Randall Rosenthal’s artwork can fool you. From a distance, his carved wooden sculpture looks like a stack of newspapers, the notebook you’ve been looking for, a treasure trove of baseball cards bundled with rubber bands or a box of money. A closer examination may still leave viewers pondering: Is it real or is it art?
The question may persist even if Rosenthal’s work is installed at a museum, an art gallery or at a SOFA show (The International Expositions of Sculpture Objects & Functional Art). That’s okay—the East Hampton artist is used to quizzical first reactions to his wooden works and welcomes them.
“I’m making an intense visual object,” he said. “The goal is that you can’t not look at it.”
Rosenthal is also used to some people “not getting” his work. The wooden sculptures appear as if they are the actual objects they depict. The resistance to believe the artwork is the object it depicts is so persistent for some that Rosenthal posted process pictures on his website to dissuade doubting Thomases.
Rosenthal’s sculptures are hand carved from a single piece of wood and painted with both acrylic and ink. The works approach realism but remain expressionist because they don’t render accurate true-to-life dimensions, he said. That’s not the point of his art. His objects are an invitation for viewers to examine the pieces and become engaged with them.
“They look real from a distance but they’re not supposed to be realism,” Rosenthal said. “When you get close, you can see the corners may be cheated—meaning they’re not perfectly square…I always leave the wood grain visible so people can see it’s wood. I’m not trying to hide it—the fact that it’s made from wood is an important part of the piece.”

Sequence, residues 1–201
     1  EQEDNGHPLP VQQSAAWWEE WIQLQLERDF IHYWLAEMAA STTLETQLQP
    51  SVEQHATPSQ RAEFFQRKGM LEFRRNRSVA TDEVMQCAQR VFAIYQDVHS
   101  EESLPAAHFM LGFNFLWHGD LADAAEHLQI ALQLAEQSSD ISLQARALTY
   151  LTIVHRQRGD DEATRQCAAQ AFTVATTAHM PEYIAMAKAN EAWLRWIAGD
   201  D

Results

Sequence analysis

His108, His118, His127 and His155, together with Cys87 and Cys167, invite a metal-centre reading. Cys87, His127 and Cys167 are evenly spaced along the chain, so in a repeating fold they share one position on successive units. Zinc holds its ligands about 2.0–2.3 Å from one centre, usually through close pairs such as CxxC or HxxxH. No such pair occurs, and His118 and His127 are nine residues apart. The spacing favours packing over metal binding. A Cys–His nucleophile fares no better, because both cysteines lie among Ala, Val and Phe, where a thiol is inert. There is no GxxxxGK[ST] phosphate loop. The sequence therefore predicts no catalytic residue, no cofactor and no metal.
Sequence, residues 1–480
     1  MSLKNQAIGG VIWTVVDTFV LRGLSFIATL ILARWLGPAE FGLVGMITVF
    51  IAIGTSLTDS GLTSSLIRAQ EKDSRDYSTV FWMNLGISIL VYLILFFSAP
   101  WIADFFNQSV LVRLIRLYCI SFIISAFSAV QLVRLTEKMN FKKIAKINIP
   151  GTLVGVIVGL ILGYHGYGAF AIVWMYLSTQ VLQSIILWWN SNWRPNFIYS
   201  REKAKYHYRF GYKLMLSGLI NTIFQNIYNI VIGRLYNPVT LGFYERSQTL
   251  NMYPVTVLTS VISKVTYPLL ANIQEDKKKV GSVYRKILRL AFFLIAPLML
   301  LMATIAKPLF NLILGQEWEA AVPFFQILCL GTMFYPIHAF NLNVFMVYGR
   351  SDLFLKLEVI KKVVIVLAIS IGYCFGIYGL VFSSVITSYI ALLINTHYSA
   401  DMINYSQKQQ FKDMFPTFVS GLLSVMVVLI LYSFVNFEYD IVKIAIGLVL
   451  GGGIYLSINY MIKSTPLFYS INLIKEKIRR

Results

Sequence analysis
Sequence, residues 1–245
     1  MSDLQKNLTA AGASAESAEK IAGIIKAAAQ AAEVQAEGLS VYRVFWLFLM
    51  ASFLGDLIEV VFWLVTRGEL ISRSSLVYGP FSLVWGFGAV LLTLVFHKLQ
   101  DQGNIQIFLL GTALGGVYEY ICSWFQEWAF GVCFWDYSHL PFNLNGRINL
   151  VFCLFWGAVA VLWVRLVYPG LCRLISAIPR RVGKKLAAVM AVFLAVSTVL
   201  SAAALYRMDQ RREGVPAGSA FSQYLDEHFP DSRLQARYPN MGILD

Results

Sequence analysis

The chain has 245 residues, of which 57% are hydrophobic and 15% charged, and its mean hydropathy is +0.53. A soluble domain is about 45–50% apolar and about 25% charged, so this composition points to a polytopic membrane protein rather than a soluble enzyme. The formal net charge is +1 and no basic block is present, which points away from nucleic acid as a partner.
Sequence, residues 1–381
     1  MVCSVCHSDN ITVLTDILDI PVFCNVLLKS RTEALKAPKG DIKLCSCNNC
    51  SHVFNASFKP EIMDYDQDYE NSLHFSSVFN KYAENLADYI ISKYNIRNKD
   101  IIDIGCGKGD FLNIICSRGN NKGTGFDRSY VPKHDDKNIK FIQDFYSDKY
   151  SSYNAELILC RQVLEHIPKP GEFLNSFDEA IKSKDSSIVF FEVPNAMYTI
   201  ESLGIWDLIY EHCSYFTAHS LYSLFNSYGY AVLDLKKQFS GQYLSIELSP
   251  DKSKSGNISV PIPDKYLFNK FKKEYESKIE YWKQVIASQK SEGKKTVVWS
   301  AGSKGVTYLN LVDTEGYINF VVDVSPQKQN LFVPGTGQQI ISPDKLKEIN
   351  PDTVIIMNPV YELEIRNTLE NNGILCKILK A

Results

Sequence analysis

Sculptures depict objects made from paper since paper comes from wood, he said. His sculpture depicts stacks of newspapers, magazines, legal pads, address books and money piled in boxes or spilling from an envelope. Baseball cards, comic books, carving boards and map pages are also subjects.
Some of his sculptures have made their way to high places. A sculpture of New York Times newspapers announcing President Barack Obama’s win to the presidency is now owned by Obama. The piece was gifted by artist Eric Fischl, who previously owned the work.
“I’ve never met Obama,” Rosenthal said. “It’s pretty cool knowing my work is in the White House as part of his collection.”
Sculptures of books may depict an open book with pages or a closed one with the cover alone. Closed books may have recipe card, post-it notes or papers protruding from the book’s side as they mark pages inside the book. A flower, leaves or a fishing lure on a line may curl upon open pages. Photo albums may reveal taped “photographs” framed with white edges as if printed in earlier eras.
Rosenthal works can sometimes stretch a decade long, he said. Unlike commercial woodworkers, Rosenthal doesn’t use shop drawings or pre-calculated plans when carving his sculptures. His process is reductionary. The block of wood guides the process and serves as muse as Rosenthal carves wood to create the figure inside.
Right now, Rosenthal’s sculpture, Sweet Memories, is on view at the National Art Museum of Sport at Indiana University-Purdue University Indianapolis. The artwork depicting sports memorabilia received an Honorable Mention in the global competition.
Rosenthal is exhibiting several pieces at SOFA New York April 14-17. His work is being shown by Jane Sauer Gallery of Santa Fe, New Mexico, who represents his art. His art is also represented by Pamela Williams Gallery in Amagansett.
Rosenthal’s work has been drawing attention and fans at online sites like StumbleUpon.com, he said. His art has been shown at the Parrish Art Museum, Guild Hall, galleries in Germany and other places. Rosenthal’s art and process can be viewed online at randallrosenthal.com.